Now, Dayton Moore will enter the off-season having seen Eric Hosmer bat close to 500 times, Mike Moustakas around 350 times, Giavotella a good 150 times and have two full seasons of data on Alcides Escobar. He should have a clear picture of what his 2012 and, frankly, 2013 and 2014 infield will look like or what needs to be improved. After years of watching this organization speculate and wonder and talk about what players might be able to do and might not be capable of doing, we are actually going to have ACTUAL MAJOR LEAGUE GAMES PLAYED that will give us a far better indication.
Johnny Giavotella won’t hit .338 in the majors and he will certainly have some growing pains in this first taste of major league action, but we will have a far close idea to what type of major league player Giavotella might become now than if his major league exposure was a handful of September games after the AAA playoffs were over.
That brings us to the next ‘internet darling’: Lorenzo Cain.
Like Giavotella, there is a fairly large segment of Royals’ fans who have already decided Cain probably isn’t that good. In a world where outfield throwing arms have suddenly been deemed more important than, you know, tracking down flyballs in the gaps, I have lost the ability to fully understand most arguments. That said, I have to admit we really don’t know what Lorenzo Cain can do playing a full season as a major league centerfielder.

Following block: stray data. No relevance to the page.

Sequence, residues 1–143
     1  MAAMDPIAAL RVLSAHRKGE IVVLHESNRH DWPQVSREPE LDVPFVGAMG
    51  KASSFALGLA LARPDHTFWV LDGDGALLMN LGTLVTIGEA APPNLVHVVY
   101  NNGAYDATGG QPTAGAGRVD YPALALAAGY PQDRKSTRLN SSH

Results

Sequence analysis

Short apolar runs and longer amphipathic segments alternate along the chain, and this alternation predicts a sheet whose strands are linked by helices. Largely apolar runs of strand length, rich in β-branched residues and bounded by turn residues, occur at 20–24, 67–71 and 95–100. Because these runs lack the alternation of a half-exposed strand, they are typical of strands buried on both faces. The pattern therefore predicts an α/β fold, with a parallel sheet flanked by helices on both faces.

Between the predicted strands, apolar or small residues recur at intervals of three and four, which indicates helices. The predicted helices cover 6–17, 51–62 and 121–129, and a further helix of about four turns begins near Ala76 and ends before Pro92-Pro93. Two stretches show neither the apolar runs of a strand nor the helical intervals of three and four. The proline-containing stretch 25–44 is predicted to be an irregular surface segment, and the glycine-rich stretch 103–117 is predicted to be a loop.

We do know that, excluding the year he played hurt, Cain has hit at every level. We know he made some great catches in spring training and has shown excellent defensive range. We know that he hit .300 in 150 major league at-bats last season and thus we can speculate that Cain is more likely to ‘hit the ground running’ in the majors the next time he is up given that Lorenzo has already gone through that first adjustment period.
That said, Cain is in a different position than Giavotella. The guys above him are producing. Melky Cabrera is .303/.337/.461 and Jeff Francouer is solidly whacking away at .273/.324/.466. Those numbers are not as great as many a Royals’ fan, jaded by the likes of Josh Anderson and Rick Ankiel clogging the outfield, might think, but good enough to hang onto an everyday job…for now.
Truth is, I am a Lorenzo Cain guy and believe he might well be better than either Cabrera or Francouer over the next couple of seasons, but he has some major leauge experience already and the urgency to get him at-bats at the expense of Francouer and Cabrera right now is not great. Let Cain, whose strikeout rate has decreased with each month in AAA, continue to get regular at-bats in the minors while he waits for a spot to legimately open in the major league outfield. It is a situation the Royals have seldom been faced with in the past ten years, but one that good organizations deal with every year.
The Royals have a lot to prove yet to reach ‘good organization’ status, but promoting Giavotella now as opposed to later is a step in that direction.
For now, Kansas City is better than Baltimore….and not as good as Detroit.